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Lynden is a city of almost 15,000 people (2018) in the North Cascades region of Washington State.



Lynden was begun in 1871 and established in 1874 by Holden and Phoebe Judson near the site of the Nooksack Indian village Squahalish (Nooksack: Sqwehálich). It was named by Phoebe Judson after the riverside town in Hohenlinden, a poem by Thomas Campbell, stating:

According to her book, A Pioneer's Search for an Ideal Home, she changed the spelling to "Lynden" to be more visually appealing. Lynden was incorporated as a town on March 16, 1891.

The town lies in a broad valley along the winding path of the Nooksack River, which empties into nearby Bellingham Bay. The surrounding area is filled with dairy, raspberry, strawberry, and blueberry farms. Even though not founded by them, the region saw significant Dutch immigration in the early and mid-1900s, spurring the growth of dairies. Today, Lynden pays homage to some of its Dutch heritage through locations such as buildings on Front Street, where some businesses have been made-over with a Dutch theme, complete with a windmill. Along that street, you'll find the Lynden Dutch Bakery, Dutch Mother's Restaurant, and numerous local businesses. Some local supermarkets contain Dutch food sections, but Dutch is spoken by very few of the town's residents today. The population has grown substantially, with Dutch being more predominate than other ethnic ancestry.


Lynden has perhaps some of the coolest weather in Western Washington, due to its far north location.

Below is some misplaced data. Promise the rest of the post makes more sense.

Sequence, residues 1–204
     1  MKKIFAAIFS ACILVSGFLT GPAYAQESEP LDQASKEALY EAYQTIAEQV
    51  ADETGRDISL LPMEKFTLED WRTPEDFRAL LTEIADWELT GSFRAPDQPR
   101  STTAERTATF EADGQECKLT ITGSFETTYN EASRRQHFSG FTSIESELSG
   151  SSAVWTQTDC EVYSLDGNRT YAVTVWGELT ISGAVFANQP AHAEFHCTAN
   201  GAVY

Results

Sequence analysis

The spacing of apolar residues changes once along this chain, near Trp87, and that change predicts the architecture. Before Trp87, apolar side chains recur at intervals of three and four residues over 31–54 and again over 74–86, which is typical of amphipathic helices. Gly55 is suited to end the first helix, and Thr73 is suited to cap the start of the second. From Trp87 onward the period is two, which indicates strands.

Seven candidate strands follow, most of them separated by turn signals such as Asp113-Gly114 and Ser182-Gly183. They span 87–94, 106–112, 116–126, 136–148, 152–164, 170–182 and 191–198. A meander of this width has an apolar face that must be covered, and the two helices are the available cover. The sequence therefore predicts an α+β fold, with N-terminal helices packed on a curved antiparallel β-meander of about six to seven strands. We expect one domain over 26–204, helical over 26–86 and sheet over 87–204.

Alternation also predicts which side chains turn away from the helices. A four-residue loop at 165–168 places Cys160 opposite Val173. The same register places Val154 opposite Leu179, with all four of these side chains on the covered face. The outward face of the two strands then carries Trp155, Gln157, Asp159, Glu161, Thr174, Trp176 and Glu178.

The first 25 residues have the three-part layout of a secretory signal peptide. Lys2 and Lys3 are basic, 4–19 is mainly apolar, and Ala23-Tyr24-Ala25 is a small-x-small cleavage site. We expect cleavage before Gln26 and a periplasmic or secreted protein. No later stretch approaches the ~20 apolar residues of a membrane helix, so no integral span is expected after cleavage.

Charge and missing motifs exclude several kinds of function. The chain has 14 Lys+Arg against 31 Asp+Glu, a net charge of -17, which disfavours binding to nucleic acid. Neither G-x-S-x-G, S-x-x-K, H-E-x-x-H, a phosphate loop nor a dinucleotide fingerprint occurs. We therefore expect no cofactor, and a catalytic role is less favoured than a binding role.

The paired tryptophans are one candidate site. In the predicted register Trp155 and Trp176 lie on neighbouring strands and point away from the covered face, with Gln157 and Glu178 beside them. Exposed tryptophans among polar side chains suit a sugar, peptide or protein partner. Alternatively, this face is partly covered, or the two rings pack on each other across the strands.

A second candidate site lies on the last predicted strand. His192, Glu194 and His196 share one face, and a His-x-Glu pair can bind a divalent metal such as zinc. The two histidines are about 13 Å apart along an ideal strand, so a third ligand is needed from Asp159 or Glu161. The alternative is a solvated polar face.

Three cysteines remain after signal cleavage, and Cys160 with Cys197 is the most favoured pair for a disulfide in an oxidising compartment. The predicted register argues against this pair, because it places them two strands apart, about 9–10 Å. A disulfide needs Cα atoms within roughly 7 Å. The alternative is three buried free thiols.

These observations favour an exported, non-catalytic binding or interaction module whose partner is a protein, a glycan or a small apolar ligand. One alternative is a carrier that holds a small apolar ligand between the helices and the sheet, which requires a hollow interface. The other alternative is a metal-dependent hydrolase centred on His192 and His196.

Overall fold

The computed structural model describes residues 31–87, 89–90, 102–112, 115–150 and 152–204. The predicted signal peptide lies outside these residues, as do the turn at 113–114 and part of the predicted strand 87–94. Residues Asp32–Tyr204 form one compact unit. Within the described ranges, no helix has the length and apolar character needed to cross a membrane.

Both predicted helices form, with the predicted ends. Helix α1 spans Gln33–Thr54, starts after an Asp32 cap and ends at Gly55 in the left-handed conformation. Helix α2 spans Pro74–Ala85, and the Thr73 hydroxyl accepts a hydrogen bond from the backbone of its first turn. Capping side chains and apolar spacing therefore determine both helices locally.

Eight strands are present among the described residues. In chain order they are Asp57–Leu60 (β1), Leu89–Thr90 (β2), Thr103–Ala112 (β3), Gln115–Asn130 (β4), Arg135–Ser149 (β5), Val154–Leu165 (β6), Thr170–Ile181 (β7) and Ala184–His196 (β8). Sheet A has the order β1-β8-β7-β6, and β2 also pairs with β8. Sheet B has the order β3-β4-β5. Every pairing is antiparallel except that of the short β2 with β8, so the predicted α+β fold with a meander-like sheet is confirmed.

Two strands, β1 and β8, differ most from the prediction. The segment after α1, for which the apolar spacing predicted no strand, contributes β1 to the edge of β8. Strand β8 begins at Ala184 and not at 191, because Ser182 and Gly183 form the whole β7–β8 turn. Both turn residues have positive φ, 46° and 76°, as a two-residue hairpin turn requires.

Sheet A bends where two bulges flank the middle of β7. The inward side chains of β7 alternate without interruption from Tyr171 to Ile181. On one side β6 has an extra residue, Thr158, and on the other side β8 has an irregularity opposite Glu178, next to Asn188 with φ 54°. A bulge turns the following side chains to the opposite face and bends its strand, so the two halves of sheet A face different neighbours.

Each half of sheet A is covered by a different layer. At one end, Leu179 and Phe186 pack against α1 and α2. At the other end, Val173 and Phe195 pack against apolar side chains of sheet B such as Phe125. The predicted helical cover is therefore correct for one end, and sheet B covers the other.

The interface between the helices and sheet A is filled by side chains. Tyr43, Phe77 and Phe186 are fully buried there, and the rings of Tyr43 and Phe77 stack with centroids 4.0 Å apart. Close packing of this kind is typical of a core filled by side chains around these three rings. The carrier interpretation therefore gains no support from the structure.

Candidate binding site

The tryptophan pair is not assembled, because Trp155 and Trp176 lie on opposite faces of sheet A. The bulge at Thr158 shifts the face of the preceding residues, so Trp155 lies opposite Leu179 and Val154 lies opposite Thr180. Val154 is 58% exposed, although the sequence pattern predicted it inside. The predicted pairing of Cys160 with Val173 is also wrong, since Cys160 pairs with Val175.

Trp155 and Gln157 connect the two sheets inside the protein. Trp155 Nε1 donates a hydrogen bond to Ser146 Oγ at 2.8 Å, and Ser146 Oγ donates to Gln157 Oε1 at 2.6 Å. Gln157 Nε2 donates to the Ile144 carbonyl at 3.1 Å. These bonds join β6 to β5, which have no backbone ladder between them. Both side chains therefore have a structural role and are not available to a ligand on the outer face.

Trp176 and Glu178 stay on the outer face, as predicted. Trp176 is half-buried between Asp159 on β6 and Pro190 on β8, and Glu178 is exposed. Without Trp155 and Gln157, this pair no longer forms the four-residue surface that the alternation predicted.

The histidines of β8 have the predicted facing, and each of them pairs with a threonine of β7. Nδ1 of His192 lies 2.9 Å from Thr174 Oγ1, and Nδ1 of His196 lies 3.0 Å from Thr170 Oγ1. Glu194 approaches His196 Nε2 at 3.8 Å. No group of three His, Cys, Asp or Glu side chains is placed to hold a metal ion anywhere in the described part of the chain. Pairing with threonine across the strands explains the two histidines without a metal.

The winter temperatures commonly range between the upper 20s (about -3°C) to mid 40s (nearly 10°C). During a cold outbreak however, bitter and dry winds whip from the Fraser River north of the border, dropping temperatures to the teens(below -10°C). As a result, snow can be worse in this area compared to the rest of the Western Washington lowlands, though occurrence is on average only 2 or 3 annually.

Summer temperatures are cool with temperatures ranging from the lower 50s F (10°C) to the lower 70s (around 20°C).

Get in[edit]

By car[edit]

From Interstate 5, take the Exit 270 towards eastbound Birch Bay Lynden Road or Exit 256 towards northbound Meridian St (Washington Route 539), both of which will take you straight towards Lynden.

Travelers from Canada can cross the border into the US from Aldergrove checkpoint, in which they can go straight for 5 miles towards the city center.

By plane[edit]

Lynden has a small municipal airport (38W) that can be used for private aircraft. Commercial flights may land at Bellingham and Seattle in the United States, as well as Vancouver in Canada.